Marie Mora has spent more than 25 years as an economist, with faculty appointments at the New Mexico State University, the University of Texas Pan–American and the University of Texas Rio Grande Valley before coming to the University of Missouri–St. Louis, where she serves at the provost and executive vice chancellor for academic affairs.
Last fall, Focus Economics ranked her among 75 “Top Economics Influencers to Follow” on social media.
But speaking to an audience of more than 400 attendees – many of them high school and college students – of the Federal Reserve Bank of St. Louis’ Women in Economics Symposium, Mora revealed how close she came to ending up in a different field.
“It was not something I intended to major in,” Mora said of economics. “In fact, I literally took classes to avoid economics. As an undergraduate, I heard horrible, horrible things about econ – that it was hard. It was confusing. I was going to major in anthropology and minor in sociology. What happened is that I took a course in anthro, and I still remember the title of the course all these years later. It was called ‘Modernization of traditional society,’ and in that particular course, we did a lot of studies and a lot of readings about economic development, and that course changed my mind because it made me realize that what I thought was economics wasn’t really economics.”
Mora was speaking as part of a panel moderated by St. Louis Community College–Meramec Professor Gail Heyne Hafer and was joined by Lisa Cook, a professor of economics and international relations at Michigan State University, and Abigail Wozniak, a senior research economist at the Federal Reserve Bank of Minneapolis.
Cook had her own story of almost going into another discipline before happenstance pulled her toward economics.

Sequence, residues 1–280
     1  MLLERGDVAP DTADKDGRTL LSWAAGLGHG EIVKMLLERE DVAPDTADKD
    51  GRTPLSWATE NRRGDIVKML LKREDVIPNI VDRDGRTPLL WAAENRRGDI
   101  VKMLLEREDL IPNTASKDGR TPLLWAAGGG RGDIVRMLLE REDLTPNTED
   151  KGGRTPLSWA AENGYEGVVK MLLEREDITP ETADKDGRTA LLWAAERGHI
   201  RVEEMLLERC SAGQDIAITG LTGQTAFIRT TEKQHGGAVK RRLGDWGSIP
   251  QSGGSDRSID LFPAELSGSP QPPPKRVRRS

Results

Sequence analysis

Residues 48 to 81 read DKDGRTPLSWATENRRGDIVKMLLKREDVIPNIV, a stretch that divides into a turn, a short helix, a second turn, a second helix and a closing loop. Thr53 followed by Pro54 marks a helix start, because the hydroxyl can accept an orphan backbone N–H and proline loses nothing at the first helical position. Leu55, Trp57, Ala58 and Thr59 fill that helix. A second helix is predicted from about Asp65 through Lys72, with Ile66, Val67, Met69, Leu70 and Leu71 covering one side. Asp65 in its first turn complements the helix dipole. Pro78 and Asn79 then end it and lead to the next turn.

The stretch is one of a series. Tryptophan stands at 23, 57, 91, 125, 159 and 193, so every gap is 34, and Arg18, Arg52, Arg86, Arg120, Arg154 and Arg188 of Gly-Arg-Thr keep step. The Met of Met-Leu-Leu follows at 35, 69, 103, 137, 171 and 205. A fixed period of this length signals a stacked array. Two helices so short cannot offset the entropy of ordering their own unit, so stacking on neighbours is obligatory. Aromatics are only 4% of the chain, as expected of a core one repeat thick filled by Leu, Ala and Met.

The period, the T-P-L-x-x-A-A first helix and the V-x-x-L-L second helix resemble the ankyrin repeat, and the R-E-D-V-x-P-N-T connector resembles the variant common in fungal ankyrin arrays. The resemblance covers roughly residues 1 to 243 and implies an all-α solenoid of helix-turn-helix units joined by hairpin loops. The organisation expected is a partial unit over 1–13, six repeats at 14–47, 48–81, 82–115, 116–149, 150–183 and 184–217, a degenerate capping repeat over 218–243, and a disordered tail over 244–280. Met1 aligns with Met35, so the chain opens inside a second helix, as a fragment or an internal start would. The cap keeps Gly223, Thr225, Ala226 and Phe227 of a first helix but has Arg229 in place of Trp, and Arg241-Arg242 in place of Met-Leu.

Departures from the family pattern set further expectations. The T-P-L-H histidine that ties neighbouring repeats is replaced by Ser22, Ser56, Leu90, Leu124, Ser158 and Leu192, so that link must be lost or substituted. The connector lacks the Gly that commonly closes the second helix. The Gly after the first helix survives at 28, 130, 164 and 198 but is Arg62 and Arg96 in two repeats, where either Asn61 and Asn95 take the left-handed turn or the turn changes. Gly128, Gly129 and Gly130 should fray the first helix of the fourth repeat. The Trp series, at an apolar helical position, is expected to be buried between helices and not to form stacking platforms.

That’s a familiar refrain among many of the women who are working in a field still overwhelmingly populated by men.
The goal of the annual symposium, started in 2018 along with the St. Louis Fed’s “Women in Economics” podcast series, is to “connect young women with accomplished women in the economics profession who share the story of their career journey — helping inspire women who wonder if economics is a profession they should (and actually could) pursue.”
Mora has devoted much of professional life to encouraging not only women but also underrepresented minority students to consider economics, and she spent seven years as the director of the American Economic Association Mentoring Program.
Opinions from a diverse workforce are critical for the field of economics to be able to effectively identify problems and try to arrive at solutions. Mora was asked about how to confront a potentially toxic environment that might keep women from pursuing careers in economics.
“In order to help navigate this potentially toxic environment, I think it’s really helpful that potential women economists know that there is a very supportive network out there,” she said. “It’s important to know that you’re not alone. The American Economic Association has made great, great strides over the past couple of years to try to build a more cohesive and collegial environment.”
UMSL was well represented among the presenters throughout the symposium.
Mary Suiter, an UMSL economics alumna, serves as the assistant vice president and economic education officer at the St. Louis Fed, has been a driving force behind the creation of the symposium. She also moderated the opening-night panel, which featured Wednesday’s keynote speaker, Wozniak, as well as Brigitte Madrian, the dean and Marriott Distinguished Professor at Brigham Young University’s Marriott School of Business, and Nancy Rose, the Charles P. Kindleberger Professor of Applied Economics at the Massachusetts Institute of Technology.
On Wednesday night, Professor Emeritus Susan Feigenbaum was one of the panelists in a breakout session on “Making a Difference Using Health Care Economics” while Professor Lea-Rachel Kosnik was featured in another breakout session on “Making a Difference Using Environmental Economics.”
Professor Anne Winkler, the chair of UMSL’s Department of Economics, took part in a pair of breakout sessions – “What Can I Do with a Bachelor’s or Master’s Degree in Economics?” and “Working in Academia: Research and Teaching.”